My Top 11 Favourite Rice Dishes in Asia
March 11, 2020
“Rice is the best, the most nutritive and unquestionably the most widespread staple in the world.”
– Auguste Escoffier
Although I seldom eat rice dishes, I’ve still tried some really good ones in Asia. I’ve previously shared about my top 7 favourite Japanese rice dishes. There are too many delectable Japanese rice dishes, which is why I dedicated one entire post to it. This time round, check out my top 11 favourite rice dishes in Asia.
#1 – Nasi Lemak (Singapore & Malaysia)
Nasi lemak is a fragrant rice dish cooked in coconut milk and pandan leaf. There are two types of nasi lemak you can find in Singapore – the Singaporean Malay variation and thee Singaporean Chinese variation. The former features a sambal that’s sweeter and not as spicy as compared to the ones in Malaysia. The sides includes ikan bilis (anchovies), peanuts and an omelette or fried egg. The latter, on the other hand, comes with a variety of sides that includes deep fried drumstick, chicken franks, fish fillet, fish cake, curried vegetables and luncheon meat. Sometimes the rice is also coloured emerald green with the use of pandan leaf extract. This also gives the rice a nice aroma.
#2 – Nasi Kandar (Malaysia)
Nasi kandar is a popular northern Malaysian dish, which originates from Penang. I’m glad I’ve tried this dish in Penang. Popularised by Indian Muslim traders from India, nasi kandar contains steamed rice served with a variety of curries and side dishes like fried chicken, curried beef, lamb, fried prawns or fried squid. The vegetable dish would usually be brinjal, okra or bitter gourd. Out of these three vegetables, I only eat the brinjal. After selecting your sides and vegetables, the rice will be generously drenched in a mixture of curry sauces.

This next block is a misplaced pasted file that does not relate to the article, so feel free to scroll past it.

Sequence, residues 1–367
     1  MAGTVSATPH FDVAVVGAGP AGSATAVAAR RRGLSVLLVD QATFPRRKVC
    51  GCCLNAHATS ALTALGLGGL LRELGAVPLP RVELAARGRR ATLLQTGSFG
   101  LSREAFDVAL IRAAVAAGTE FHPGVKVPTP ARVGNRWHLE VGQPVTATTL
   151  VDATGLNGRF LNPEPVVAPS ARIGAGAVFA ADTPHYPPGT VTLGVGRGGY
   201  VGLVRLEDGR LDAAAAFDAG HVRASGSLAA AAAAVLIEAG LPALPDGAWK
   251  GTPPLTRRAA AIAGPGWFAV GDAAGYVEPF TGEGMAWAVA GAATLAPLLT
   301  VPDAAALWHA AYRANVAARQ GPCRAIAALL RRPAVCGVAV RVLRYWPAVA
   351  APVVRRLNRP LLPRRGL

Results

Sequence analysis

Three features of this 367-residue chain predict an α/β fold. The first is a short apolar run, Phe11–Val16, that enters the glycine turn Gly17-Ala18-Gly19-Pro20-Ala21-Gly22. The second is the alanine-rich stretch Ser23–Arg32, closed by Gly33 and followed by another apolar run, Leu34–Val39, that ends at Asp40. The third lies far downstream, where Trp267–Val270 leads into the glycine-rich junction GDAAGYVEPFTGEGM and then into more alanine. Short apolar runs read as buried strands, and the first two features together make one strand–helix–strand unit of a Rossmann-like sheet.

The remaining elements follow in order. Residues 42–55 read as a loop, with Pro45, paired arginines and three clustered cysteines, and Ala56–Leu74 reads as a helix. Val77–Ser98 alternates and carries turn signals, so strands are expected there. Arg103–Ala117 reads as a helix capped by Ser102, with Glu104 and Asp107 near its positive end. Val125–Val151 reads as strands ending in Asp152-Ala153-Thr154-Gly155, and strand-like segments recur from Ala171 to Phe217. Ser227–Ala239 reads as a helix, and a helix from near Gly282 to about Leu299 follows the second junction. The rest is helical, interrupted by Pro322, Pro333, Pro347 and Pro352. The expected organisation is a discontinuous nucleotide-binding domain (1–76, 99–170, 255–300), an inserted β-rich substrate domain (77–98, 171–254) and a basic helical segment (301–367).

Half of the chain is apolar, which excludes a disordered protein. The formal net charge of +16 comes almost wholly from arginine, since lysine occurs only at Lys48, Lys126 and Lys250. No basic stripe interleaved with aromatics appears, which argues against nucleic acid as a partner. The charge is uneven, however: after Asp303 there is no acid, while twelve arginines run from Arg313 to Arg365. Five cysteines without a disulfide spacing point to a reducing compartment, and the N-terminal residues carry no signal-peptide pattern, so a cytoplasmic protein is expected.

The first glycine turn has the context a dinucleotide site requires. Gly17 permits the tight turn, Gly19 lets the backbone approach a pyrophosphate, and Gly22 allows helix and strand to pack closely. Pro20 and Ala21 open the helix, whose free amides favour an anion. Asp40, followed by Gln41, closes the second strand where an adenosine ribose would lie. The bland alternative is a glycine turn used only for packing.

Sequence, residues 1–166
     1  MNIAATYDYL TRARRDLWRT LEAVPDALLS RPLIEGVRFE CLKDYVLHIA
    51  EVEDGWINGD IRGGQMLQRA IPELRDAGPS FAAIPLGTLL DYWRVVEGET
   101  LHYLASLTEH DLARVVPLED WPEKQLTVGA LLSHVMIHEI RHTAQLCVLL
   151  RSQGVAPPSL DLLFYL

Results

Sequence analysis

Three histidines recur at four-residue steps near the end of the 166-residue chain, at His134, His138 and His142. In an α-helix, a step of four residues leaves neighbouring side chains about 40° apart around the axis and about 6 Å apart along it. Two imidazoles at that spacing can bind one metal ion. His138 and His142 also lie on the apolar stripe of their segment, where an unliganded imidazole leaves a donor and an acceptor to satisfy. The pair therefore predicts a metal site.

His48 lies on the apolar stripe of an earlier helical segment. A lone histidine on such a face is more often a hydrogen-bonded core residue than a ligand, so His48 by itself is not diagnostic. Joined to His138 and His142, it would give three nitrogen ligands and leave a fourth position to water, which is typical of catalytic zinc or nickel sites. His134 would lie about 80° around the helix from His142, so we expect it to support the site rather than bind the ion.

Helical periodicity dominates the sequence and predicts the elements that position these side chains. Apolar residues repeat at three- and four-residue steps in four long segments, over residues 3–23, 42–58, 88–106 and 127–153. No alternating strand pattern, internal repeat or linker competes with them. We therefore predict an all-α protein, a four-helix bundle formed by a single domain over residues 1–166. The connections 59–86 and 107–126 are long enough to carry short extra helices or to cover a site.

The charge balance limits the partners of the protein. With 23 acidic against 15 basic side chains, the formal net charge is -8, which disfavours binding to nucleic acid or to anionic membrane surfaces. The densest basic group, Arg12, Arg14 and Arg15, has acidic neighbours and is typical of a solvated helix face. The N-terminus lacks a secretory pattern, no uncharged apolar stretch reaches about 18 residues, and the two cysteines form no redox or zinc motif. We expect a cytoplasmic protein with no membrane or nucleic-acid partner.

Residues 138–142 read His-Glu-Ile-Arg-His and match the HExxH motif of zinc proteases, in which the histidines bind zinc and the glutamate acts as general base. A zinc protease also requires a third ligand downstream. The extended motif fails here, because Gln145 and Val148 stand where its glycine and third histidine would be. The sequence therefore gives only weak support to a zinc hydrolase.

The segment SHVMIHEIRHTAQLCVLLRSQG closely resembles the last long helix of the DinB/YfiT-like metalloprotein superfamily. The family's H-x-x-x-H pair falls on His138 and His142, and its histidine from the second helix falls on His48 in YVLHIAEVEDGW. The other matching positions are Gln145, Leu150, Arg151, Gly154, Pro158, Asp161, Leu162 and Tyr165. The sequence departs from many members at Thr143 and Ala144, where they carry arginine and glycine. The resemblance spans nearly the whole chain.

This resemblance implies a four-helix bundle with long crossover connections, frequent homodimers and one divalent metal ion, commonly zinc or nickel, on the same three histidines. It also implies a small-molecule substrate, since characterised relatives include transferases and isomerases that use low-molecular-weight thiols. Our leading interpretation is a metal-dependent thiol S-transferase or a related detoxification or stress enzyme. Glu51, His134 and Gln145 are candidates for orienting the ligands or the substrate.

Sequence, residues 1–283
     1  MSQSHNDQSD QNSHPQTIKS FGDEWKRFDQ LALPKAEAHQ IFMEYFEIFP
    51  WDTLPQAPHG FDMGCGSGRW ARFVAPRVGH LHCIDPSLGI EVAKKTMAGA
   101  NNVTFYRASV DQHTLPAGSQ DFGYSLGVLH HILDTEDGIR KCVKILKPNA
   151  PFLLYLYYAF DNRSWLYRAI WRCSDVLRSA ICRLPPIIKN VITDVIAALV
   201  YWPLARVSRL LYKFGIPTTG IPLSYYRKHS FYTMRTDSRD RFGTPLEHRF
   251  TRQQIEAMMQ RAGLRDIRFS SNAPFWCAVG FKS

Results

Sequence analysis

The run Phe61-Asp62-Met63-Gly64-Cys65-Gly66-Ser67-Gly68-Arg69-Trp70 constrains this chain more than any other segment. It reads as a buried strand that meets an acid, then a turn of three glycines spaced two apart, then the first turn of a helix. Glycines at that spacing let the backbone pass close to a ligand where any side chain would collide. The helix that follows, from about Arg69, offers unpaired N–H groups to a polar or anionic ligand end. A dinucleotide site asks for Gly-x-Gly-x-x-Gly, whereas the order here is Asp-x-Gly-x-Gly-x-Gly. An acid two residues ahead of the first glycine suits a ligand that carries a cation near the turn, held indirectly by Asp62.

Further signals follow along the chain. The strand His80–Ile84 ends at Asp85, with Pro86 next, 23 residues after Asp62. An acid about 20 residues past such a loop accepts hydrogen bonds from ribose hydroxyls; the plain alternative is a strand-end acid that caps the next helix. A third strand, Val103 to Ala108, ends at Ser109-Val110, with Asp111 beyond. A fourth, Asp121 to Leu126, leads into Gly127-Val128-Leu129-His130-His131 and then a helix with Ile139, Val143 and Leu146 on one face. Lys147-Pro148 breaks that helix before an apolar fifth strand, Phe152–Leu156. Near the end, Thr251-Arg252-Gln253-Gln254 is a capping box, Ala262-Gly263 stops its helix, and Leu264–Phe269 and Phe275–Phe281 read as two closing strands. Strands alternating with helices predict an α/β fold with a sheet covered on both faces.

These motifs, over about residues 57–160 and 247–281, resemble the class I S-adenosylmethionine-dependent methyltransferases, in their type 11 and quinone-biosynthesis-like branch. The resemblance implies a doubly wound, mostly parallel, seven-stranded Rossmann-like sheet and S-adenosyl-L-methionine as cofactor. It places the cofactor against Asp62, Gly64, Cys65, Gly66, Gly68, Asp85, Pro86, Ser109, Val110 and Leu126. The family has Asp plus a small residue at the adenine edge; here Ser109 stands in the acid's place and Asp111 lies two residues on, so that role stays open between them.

#3 – Claypot Rice (Hong Kong, Singapore & Malaysia)
Claypot rice is traditionally cooked over a charcoal stove to give the dish a distinctive flavour. Some places serve it with thick, sweetened soy sauce and sometimes dried salted fish. Due to the time-consuming method of preparation and slow-cooking in a claypot, be patient as you’ll most likely have to wait around 15 to 30 minutes for your claypot rice.
When visiting Hong Kong, you must try Kwan Kee Claypot Rice (坤記煲仔小菜). The Beef Claypot Rice with Egg and the Preserved Sausages and Chicken Claypot Rice are the restaurant’s signature items.
#4 – Roasted Meat Rice (Hong Kong and Singapore)